Yesterday I wrote about one of my big personal goals for 2013. It’s a little silly, but in my experience, some of the best goals often are.
So, it got me thinking – how come goals are so hard in the first place.
Beyond the inherent nature of goals being worth pursuing only if they are in fact hard, there is the fact that most of the time, the stuff you THINK you want isn’t in fact what you need.
Case in point, my epic 2010 quest to find a project management tool despite the fact that I outsourced only 15% of the work I took in and had no employees or partners at the time.
It was a huge waste of time and some money and it turned out the goal I should have been aiming for was not to LOOK important but to build a bigger business so that I WAS important.
Lesson learned.
For a goal to be worthwhile it needs to represent not just a physical endpoint, but an actual achievement that you can be proud of.
A great example from last year. I wanted to be more successful as a writer – not for my clients but for my readers. So, I started setting goals.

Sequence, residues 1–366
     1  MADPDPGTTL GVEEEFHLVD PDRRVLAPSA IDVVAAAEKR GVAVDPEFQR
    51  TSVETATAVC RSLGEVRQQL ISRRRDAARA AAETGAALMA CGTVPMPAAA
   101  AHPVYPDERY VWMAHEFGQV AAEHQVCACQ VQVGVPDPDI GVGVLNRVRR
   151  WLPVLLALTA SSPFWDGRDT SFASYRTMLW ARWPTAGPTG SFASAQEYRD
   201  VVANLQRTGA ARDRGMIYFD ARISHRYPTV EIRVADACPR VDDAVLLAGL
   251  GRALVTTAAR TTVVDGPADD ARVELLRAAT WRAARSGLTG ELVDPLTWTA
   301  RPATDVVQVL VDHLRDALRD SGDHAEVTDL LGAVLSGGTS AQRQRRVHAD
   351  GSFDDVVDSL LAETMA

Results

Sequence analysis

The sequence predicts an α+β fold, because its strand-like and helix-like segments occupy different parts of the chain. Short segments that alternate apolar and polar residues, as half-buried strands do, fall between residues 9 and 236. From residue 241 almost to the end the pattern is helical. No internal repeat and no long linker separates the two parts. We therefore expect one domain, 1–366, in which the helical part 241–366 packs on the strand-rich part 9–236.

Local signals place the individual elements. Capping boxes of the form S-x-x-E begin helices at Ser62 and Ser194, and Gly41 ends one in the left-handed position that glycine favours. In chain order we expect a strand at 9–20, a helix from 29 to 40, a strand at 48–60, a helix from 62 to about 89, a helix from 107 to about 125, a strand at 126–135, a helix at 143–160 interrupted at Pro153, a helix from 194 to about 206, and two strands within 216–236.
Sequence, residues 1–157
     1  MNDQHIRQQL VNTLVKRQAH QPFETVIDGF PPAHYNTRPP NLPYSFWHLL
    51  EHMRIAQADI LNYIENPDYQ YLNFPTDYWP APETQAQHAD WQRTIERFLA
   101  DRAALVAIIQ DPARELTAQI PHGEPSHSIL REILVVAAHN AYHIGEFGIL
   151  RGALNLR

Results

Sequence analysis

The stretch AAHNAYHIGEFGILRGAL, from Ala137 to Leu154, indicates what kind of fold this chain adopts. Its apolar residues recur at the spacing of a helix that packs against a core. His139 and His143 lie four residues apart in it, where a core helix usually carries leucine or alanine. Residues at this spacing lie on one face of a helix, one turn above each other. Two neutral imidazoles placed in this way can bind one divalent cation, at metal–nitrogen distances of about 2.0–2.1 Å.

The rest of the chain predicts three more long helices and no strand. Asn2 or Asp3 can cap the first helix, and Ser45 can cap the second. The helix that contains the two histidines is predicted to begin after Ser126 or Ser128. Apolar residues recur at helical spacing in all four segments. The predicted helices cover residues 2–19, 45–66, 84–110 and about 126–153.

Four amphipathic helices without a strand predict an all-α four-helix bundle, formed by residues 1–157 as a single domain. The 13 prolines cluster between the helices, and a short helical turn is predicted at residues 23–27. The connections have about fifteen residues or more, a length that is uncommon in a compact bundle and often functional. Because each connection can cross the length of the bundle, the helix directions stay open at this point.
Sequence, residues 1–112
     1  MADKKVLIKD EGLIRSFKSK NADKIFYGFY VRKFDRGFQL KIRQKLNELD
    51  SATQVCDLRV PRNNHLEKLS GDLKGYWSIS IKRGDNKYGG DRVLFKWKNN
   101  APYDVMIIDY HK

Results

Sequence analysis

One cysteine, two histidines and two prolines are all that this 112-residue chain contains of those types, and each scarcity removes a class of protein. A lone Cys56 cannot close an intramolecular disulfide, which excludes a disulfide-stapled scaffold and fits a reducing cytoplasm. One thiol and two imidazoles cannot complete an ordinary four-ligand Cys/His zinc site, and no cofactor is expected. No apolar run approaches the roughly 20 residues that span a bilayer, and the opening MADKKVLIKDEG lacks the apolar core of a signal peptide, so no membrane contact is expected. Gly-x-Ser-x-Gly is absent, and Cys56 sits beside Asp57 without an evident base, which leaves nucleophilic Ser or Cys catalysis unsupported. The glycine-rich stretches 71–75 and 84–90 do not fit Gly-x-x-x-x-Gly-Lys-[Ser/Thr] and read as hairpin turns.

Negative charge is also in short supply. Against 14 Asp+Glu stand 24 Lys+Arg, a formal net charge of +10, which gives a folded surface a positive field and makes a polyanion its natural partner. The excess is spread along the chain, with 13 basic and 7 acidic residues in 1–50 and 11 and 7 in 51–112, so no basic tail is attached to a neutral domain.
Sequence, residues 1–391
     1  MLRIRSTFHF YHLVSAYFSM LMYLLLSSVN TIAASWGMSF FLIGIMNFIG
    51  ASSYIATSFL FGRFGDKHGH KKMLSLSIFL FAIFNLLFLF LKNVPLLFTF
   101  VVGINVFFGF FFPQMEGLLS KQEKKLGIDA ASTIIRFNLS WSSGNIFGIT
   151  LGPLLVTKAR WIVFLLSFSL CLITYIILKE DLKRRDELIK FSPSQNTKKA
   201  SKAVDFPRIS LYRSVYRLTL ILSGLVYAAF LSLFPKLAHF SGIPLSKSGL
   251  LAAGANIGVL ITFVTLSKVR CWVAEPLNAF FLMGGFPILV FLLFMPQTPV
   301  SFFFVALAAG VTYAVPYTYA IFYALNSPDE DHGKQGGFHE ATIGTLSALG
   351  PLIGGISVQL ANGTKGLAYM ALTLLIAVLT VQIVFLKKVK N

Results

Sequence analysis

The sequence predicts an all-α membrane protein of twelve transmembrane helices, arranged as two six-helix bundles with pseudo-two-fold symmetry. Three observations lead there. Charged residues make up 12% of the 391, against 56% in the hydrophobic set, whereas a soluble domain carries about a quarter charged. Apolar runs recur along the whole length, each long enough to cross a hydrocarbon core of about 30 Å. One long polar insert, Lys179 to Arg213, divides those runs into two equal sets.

One very simple but very achievable goal that I ended up setting and meeting was to start recording videos of myself in lieu of some blog posts. I even created a couple video squeeze pages and two webinars.
It was not easy. The single biggest obstacle in my professional life is that I don’t like putting myself out there. But, that goal, even though it related mostly to getting a bigger audience, helped me conquer at least part of my discomfort in that sense.
I subsequently set other very small, achievable goals that represented things I knew were standing in my way.

  • Going to a local conference
  • Writing an eBook in my name
  • Publishing a short story on Kindle

Those particular goals (all met in 2013) are leading to other much bigger, long term goals like being a featured speaker at a conference, launching and SELLING an eBook in my name and publishing a novel on Kindle (or better, in print).
As a business owner or even just a writer, goal setting is one of the hardest things you will ever do. It takes tremendous investment of energy and time and it requires a laser tight focus that you can’t just grow overnight, but when you use it properly, it works.
So, instead of setting big, lofty goals (which are really just dreams), set smaller actionable goals that lead TOWARD those dreams.
Write a blog post this week.
Launch a small website next month.
Call a client on the phone.
These are simple things but when you assign them to “goal” status you can take pride in having accomplished them and when you succeed, build on that success in ways you never before thought possible.